Q. How are Tibetans able to acclimatize so easily?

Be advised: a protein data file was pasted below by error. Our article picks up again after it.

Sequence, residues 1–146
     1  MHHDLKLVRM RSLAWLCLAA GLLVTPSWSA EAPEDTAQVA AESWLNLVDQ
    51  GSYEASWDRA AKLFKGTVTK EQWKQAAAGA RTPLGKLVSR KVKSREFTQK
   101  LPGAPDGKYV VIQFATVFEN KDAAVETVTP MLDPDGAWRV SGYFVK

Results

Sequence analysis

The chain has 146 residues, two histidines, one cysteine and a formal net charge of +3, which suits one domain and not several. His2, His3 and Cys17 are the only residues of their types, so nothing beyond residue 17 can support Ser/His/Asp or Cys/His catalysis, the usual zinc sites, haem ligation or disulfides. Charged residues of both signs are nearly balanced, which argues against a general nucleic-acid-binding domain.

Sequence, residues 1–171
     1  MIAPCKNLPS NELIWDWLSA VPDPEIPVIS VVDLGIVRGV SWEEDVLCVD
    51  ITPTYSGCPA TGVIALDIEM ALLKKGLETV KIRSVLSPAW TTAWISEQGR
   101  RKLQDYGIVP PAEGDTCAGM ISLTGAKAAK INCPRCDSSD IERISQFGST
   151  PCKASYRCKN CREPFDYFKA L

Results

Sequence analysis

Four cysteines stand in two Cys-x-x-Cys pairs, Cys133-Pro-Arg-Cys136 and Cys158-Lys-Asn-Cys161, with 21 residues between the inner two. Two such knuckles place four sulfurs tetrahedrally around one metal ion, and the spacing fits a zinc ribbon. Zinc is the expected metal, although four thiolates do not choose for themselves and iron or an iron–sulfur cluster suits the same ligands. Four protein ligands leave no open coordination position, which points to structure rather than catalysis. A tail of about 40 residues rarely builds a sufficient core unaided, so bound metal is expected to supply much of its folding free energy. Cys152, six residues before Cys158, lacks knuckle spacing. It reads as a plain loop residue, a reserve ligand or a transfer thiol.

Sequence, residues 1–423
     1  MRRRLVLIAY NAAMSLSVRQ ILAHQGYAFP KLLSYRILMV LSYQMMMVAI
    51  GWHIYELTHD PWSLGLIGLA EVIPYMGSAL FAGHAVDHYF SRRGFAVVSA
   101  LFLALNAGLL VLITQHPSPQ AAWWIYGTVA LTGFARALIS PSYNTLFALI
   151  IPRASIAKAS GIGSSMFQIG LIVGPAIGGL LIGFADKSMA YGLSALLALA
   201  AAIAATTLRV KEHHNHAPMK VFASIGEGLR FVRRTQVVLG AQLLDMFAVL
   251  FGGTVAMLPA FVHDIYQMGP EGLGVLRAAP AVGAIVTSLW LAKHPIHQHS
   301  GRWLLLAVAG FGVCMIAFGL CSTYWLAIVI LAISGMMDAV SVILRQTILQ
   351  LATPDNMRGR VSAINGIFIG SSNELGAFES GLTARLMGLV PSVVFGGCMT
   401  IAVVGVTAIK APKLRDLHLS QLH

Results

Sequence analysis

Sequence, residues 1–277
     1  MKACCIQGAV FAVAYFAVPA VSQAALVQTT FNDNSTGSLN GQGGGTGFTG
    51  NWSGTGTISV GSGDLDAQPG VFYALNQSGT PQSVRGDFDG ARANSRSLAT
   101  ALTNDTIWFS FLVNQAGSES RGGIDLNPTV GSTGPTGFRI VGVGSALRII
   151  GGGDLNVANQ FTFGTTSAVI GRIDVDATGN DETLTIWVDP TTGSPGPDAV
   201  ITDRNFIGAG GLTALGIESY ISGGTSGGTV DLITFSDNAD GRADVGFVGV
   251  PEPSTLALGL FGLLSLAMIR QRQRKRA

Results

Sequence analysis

A. It's in their genes, of course, but the precise mechanics are still a mystery. This summer, researchers identified 30 genes with DNA mutations that are more prevalent in Tibetans (and presumably Nepali Sherpas) than in ethnic Han Chinese. Tibetans split off from the Han less than 10,000 years ago, a fact that allows scientists to determine which specific genes gave them a high-altitude advantage. Variants of one in particular, the so-called "super athlete" gene EPAS1, have already been linked to improved performance. "Tibetans have a mutation in that gene that is very, very rare," says University of California at Berkeley geneticist Rasmus Nielsen, who worked on the analysis of the Tibetan data. "Presumably, that is one of the particular variants that helps them perform well in a high-altitude environment." But how it all works isn't completely understood. When you or I head to the Himalayas, our bodies compensate for the thinner oxygen levels by producing more hemoglobin, increasing the blood's ability to transport oxygen. But more hemoglobin also thickens your blood, making it harder for the heart to pump and sometimes leading to acute mountain sickness. Tibetans produce less hemoglobin in their blood yet function well at altitude. Still, not having the gene mutation doesn't mean you should forget about climbing in the Himalayas. Good training can get you to the top, too.